Tuesday, July 13, 2010


Yes, they finally did it: "Defence firm BAE Systems today officially unveiled its first ever high-tech unmanned stealth jet."

Not just "unmanned;" it's a testbed for fully autonomous, stealthy hunter/killer drones. When exactly did BAE relocate to a dormant volcano on a tropical island, staff the place with kickboxing supermodels and issue Persian cats to all the top execs? Did they sleep through the Terminator movies?

It just doesn't seem like a good idea. The h4xx0ring possibilities, not to mention "oopsie" friendly fire, would be a bit worse than from other weapons.

On the other hand, it's exactly the sort of videogamer touch that could be just the ticket for turning today's couch potato into tomorrow's soldier -- different attire, better controller, and it's Space Invaders in 3-D as the drones roll in. "You there, solder, you call that a caffeinated energy drink? My Mother drinks stronger stuff -- and she'd whup you good!" (Ignore him, d00d, everybody knows sergeants don't have Mothers).


The Jack said...

The gamer effect's alreay paying off. Take the CROWS system, remote-operated turret.

Not as good situational awareness compared to standing in the turret manning the gun yourself, but the hours of playing shooters and swinging the screen around helps.
The younger are quite adept at spinning the turret about and looking through the camera. The controler for the turret is also basically a videogame controler.

For the drones, another factor is the higher accident rate. Drones crash, a lot. Harder to land and takeoff and can suffer from signal loss.
(Again problem there is that a pilot can feel the plane itself and is getting alot more situtuational info).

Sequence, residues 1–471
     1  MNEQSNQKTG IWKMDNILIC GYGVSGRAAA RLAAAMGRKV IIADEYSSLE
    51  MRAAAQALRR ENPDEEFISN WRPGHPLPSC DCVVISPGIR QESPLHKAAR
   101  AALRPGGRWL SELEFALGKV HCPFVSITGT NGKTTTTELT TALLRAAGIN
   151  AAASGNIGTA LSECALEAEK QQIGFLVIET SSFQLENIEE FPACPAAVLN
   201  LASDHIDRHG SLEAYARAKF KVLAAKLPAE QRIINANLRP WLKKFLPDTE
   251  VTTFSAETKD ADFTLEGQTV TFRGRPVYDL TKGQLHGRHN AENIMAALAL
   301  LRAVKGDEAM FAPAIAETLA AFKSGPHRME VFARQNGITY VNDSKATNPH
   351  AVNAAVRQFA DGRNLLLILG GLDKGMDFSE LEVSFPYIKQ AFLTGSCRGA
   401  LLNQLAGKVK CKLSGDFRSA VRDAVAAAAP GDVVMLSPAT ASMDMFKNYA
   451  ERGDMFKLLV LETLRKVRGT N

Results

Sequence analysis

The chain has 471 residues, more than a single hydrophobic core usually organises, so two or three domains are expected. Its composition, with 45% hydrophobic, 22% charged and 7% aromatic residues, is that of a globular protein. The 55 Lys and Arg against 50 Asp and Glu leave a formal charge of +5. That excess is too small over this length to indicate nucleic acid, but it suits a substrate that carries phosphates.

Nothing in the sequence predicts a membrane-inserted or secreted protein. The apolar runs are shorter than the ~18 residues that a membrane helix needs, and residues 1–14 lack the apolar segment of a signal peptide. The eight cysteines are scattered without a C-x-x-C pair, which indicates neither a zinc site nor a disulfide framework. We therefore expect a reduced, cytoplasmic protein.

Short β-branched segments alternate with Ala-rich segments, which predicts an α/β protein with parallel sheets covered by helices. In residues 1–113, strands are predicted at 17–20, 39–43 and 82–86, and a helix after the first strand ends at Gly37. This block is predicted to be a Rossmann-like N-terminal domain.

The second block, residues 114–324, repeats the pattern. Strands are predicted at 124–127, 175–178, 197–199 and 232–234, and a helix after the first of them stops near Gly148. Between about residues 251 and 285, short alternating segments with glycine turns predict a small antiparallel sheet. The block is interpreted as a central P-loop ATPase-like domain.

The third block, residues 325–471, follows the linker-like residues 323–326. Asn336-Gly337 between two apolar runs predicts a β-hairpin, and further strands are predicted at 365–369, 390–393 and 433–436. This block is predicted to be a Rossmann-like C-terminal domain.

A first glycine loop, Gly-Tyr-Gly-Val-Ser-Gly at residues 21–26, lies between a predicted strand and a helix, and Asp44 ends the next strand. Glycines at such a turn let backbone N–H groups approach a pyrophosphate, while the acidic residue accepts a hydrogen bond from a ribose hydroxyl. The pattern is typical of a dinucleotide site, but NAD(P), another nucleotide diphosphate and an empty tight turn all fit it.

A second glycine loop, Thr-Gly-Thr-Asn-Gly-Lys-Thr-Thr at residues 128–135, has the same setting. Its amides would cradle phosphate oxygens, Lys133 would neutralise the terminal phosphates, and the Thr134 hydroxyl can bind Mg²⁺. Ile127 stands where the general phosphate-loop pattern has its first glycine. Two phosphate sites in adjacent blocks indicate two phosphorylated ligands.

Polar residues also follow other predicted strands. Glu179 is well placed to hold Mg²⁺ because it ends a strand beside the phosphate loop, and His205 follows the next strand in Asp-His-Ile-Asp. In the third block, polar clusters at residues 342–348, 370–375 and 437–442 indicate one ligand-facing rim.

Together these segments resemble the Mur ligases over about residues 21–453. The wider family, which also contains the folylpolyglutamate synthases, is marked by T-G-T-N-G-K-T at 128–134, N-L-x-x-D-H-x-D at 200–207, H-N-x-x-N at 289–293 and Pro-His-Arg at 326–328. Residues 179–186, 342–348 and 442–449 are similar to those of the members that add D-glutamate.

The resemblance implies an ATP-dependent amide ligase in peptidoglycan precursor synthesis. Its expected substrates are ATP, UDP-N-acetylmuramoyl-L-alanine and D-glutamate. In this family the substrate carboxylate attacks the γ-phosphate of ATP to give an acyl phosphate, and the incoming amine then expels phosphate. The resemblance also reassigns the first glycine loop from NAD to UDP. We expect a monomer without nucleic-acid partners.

Strategypage.com has a bunch of articles on this subject.

And Wired for War is a good book on it too. That book also shows how the military has been quietly removing humans from the decision loop for a while, despite what they'll say publically.

Ed Skinner said...

An autonomous offensive system doesn't need to receive a radio signal that can be drowned out by jamming, nor does it need to transmit one that could be monitored for position. It can be sent on a mission that would be difficult or impossible for a remotely-piloted system, or too hazardous for a manned craft to accomplish.

Nobody likes war. But if a bad guy in an alley brings out a knife, then I hope I have my concealed carry in my pocket. And if I have to fire, I hope I hit the bad guy -- in such a way as to stop him -- and not miss and injure someone in the apartment beyond.

But make no mistake, I will fire.

In the meantime, it behooves me to practice. And the builders and mission-programmers of these autonomous systems know these same hard facts.

Crucis said...

Wasn't this a movie a year or so ago? Autonomous, stealthy fighter vs. manned fighters?

Nah, that's just Hollywood.

Bob in Houston said...

We say Skynet and laugh but I do believe that the name of the UK's military satellite system IS named Skynet.